How to Adopt Consumer Tech for Efficiency

CIOs open the gates to consumer devices in pursuit of widespread productivity

Facilitate Widespread Adoption

Sam Coursen, Freescale Semiconductor

CIOs should be preparing for consumer technology as the future of a more productive workplace. Users will bring their own devices to work just like they drive their own cars. Everyone has what they feel will make them the most productive. For this mass customization environment, you need three things: capable end-user devices, cloud computing and high-speed networking. When you have all of this in widespread adoption, not only can workers better customize their environment to the way they work best, but IT can be also more flexible and supply capabilities more efficiently. One example is better collaboration technologies, such as real-time conferencing with voice, video, and data.

At Freescale, people in some roles qualify for company-provided devices. For example, salespeople are provided BlackBerrys or other mobile devices. But I am fully embracing other employees using personal devices for work. As long as security concerns are handled, we will bend over backward to interface to the devices our end users choose. The ability to connect to e-mail and other corporate applications means employees no longer have to draw a hard line between their private and work lives. It seems silly to me to declare that employees can’t use their own devices at the office if that will actually improve employee satisfaction, and in turn improve their work output.

Use Them as a Catalyst for Process Change

David Lehn, Noodles & Company

I really believe that the iPad will be a game changer for our more than 200 restaurants. Our area managers use a very manual process when they make the rounds of restaurants to review operations—carrying a clipboard, taking notes by hand and then transcribing data into a spreadsheet. We built an iPad application that will streamline all of these tasks, provide instant reporting functionality, and greatly improve efficiencies and turnaround time. A process that takes days—even weeks, when we get busy—will be completed the moment an area manager hits the save button. We can immediately start to focus on problem areas rather than on simply compiling the data.

Today in our restaurants, we have only one computer in the back, and staff members have to take turns or huddle around it in a small group. Now, we are trying out the iPad in select sites to supplement employee training and onboarding by allowing new staff to sit in the dining room between shifts to watch videos of food preparation techniques, complete HR paperwork, or take tests. I’m meeting with departments such as HR and operations to brainstorm additional ways to use consumer tech to streamline internal processes.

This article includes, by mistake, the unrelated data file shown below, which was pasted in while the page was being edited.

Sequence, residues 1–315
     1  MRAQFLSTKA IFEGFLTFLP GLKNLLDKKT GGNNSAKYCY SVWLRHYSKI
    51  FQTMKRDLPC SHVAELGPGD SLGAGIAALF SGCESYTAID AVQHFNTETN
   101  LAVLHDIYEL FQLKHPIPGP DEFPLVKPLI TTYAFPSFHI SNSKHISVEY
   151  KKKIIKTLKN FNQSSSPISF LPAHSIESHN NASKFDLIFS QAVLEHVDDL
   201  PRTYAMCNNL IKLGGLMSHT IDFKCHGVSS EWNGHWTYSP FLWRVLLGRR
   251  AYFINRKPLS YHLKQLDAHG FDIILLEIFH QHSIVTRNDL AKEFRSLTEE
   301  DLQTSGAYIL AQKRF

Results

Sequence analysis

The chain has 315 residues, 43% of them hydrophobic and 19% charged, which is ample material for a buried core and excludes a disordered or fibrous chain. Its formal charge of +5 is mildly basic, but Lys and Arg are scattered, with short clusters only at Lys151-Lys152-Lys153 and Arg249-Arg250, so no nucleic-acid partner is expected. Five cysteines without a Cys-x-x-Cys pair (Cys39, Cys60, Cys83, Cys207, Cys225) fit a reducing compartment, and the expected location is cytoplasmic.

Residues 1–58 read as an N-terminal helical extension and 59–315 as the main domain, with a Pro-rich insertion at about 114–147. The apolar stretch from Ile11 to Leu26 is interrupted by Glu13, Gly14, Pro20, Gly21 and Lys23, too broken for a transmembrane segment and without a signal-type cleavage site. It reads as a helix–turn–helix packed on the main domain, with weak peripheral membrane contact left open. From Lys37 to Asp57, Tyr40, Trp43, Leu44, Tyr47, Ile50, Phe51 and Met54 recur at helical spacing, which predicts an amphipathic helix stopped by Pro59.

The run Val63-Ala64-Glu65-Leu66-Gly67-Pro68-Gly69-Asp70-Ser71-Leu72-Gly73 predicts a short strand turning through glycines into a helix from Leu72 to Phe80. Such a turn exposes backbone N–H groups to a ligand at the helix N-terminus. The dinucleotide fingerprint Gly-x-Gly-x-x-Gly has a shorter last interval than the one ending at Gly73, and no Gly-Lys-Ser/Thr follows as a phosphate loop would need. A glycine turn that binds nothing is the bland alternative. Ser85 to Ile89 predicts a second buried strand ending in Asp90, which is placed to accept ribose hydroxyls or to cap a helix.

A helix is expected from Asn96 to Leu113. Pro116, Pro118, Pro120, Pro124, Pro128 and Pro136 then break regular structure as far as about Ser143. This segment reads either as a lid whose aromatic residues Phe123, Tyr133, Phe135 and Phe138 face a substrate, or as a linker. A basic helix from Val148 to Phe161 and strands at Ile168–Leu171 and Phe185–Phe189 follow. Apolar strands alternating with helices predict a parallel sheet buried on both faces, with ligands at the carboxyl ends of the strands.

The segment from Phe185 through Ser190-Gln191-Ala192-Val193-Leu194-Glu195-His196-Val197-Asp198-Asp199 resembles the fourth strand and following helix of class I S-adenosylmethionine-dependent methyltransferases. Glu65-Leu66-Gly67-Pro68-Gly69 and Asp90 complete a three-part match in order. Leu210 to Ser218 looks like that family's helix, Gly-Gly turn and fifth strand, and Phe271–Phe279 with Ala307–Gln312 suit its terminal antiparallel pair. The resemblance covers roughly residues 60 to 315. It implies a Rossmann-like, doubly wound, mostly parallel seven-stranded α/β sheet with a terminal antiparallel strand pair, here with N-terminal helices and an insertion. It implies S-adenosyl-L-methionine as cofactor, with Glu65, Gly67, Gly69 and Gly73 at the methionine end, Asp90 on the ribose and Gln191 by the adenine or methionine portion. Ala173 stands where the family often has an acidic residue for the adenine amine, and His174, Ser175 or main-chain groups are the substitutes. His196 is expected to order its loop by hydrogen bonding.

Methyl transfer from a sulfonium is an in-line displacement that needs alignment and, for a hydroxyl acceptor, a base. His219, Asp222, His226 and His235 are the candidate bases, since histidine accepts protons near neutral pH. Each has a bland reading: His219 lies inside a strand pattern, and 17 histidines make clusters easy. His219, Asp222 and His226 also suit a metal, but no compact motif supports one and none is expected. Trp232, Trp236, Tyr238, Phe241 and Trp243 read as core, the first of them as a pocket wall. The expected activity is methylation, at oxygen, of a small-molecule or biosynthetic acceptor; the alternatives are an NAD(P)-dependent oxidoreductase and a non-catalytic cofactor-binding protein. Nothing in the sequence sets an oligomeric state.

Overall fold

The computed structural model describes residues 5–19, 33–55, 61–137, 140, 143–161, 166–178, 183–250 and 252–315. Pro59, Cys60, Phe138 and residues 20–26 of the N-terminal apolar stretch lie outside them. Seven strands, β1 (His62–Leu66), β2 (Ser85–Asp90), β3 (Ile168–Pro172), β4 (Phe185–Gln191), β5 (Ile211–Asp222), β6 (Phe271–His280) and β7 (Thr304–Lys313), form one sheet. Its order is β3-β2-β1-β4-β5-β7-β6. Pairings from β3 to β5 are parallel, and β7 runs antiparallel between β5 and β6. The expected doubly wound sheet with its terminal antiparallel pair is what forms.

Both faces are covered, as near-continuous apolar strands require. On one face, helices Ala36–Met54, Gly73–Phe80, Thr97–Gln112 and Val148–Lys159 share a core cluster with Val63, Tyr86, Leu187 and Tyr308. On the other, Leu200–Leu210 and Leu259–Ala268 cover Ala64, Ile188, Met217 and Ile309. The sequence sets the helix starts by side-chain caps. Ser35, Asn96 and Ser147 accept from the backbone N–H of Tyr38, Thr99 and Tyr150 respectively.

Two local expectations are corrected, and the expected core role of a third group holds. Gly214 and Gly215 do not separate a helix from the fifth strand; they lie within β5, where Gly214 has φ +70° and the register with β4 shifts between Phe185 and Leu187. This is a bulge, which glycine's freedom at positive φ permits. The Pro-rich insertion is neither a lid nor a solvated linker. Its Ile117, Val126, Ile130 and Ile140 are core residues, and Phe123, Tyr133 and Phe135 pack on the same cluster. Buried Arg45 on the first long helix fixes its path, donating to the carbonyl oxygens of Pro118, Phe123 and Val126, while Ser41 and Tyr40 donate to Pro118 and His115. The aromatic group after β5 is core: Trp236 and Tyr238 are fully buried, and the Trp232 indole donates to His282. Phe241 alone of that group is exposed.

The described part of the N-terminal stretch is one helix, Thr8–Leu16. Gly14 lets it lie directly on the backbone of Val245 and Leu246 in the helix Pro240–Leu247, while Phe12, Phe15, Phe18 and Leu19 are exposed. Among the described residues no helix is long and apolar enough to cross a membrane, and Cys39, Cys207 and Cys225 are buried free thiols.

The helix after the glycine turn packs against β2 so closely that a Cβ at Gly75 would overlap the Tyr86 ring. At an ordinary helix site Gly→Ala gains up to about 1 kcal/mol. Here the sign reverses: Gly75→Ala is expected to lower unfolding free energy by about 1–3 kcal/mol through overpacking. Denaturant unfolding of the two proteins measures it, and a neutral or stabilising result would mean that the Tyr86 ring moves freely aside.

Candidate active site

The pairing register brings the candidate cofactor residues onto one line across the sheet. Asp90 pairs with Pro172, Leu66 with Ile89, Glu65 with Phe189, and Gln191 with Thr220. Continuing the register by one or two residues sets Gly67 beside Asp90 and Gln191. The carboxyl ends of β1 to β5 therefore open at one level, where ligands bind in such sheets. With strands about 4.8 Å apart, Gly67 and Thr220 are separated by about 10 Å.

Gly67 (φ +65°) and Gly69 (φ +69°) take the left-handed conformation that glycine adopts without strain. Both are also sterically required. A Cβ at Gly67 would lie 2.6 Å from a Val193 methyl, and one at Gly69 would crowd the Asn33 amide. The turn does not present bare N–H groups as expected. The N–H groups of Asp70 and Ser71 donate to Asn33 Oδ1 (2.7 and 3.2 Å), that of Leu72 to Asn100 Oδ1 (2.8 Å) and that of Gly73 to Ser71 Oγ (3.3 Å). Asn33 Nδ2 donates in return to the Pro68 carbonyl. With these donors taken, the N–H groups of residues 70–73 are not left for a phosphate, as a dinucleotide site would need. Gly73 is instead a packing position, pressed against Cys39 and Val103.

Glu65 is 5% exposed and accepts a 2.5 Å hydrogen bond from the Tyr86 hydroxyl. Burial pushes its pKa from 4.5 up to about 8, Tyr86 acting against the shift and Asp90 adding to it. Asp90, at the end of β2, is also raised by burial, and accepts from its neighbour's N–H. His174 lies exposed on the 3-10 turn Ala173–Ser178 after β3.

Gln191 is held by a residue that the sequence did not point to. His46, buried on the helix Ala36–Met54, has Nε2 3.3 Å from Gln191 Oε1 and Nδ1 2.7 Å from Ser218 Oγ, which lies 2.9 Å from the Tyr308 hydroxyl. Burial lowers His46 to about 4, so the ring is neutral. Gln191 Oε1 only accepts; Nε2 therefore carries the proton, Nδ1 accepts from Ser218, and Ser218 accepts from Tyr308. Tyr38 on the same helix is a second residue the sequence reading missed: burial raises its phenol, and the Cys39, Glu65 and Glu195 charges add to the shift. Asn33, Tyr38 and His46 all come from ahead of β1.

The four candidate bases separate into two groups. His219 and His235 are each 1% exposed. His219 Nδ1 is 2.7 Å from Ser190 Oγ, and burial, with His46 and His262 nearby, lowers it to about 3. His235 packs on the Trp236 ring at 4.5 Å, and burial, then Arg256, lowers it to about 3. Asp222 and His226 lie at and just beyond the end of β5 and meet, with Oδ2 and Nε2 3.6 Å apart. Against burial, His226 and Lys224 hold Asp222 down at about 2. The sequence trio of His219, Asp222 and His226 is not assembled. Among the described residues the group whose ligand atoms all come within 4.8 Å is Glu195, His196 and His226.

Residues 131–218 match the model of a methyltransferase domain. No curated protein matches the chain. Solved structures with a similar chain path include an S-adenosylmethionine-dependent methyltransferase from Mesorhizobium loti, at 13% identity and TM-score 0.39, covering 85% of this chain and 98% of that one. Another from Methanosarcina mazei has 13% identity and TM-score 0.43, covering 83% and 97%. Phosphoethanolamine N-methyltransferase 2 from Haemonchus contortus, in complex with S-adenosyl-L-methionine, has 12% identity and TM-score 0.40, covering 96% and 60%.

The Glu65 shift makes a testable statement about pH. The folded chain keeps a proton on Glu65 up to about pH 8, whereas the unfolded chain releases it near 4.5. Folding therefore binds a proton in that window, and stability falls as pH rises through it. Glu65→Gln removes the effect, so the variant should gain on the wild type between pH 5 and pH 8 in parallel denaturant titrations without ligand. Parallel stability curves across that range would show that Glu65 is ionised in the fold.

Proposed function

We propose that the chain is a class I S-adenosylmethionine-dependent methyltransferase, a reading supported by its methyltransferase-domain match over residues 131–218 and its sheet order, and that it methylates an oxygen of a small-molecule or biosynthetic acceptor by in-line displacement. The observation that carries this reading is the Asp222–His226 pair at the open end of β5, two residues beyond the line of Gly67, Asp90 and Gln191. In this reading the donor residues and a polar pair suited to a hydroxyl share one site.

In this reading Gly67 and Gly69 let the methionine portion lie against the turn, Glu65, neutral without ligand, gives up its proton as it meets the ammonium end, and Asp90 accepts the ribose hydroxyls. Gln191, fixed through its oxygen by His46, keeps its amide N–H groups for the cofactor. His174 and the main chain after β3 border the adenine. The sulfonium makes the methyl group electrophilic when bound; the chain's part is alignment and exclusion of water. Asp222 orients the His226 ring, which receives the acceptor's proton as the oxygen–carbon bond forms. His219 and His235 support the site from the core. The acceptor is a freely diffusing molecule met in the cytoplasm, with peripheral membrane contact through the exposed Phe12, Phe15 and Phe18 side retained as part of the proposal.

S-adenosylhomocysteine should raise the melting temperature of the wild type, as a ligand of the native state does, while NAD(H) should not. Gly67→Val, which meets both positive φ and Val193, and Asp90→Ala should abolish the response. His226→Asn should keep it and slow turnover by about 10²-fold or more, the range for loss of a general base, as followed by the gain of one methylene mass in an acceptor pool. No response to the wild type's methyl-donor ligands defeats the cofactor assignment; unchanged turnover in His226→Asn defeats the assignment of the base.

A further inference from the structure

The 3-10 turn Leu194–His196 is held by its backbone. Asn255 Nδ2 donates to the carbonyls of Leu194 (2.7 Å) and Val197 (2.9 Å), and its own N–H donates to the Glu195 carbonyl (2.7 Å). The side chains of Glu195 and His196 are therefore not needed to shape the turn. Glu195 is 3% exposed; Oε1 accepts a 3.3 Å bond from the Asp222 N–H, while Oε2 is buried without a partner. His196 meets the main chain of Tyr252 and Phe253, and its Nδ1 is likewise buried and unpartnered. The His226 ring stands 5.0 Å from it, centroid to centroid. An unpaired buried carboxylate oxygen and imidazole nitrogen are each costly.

Take Ownership of Innovation and Adoption

Darren Dworkin, Cedars Sinai Medical Center

I’ve found that the trick to setting consumer-tech policies, especially in the healthcare industry, is to understand why people are asking for these devices. That is, instead of saying, “Do not use this type of mobile phone,” or, “Don’t use this social media tool,” you should be asking, “How can we make that work and still meet the goals behind the existing usage policies, such as protecting confidential patient data?” For example, once we addressed data protection, texting went from being a concern to a productivity tool overnight. When it came to the iPhone, we embraced it as a standard the week after it was introduced. More than 50 percent of our staff started to use the device to access corporate e-mail and applications.

I believe that all IT leaders must own consumer technology innovation and adoption. If we don’t, someone else in the organization will look to own it. I do encounter internal resistance to consumer technology from the more traditional thinkers within my IT team. My message to them is that their role in the business is to drive technology innovation. I also struggle with being agile enough to react to the consumer-tech-release road map. My traditional vendors, such as Dell, follow a standard time line. I know their products and road map for the next few years and can plan accordingly. In contrast, Apple is very secretive. We may be interested in their next consumer product, but we don’t even know what it is. I look for staff with skill sets that can adapt quickly to this new world and make it work for Cedars Sinai.

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This story, "How to Adopt Consumer Tech for Efficiency" was originally published by CIO Executive Council.

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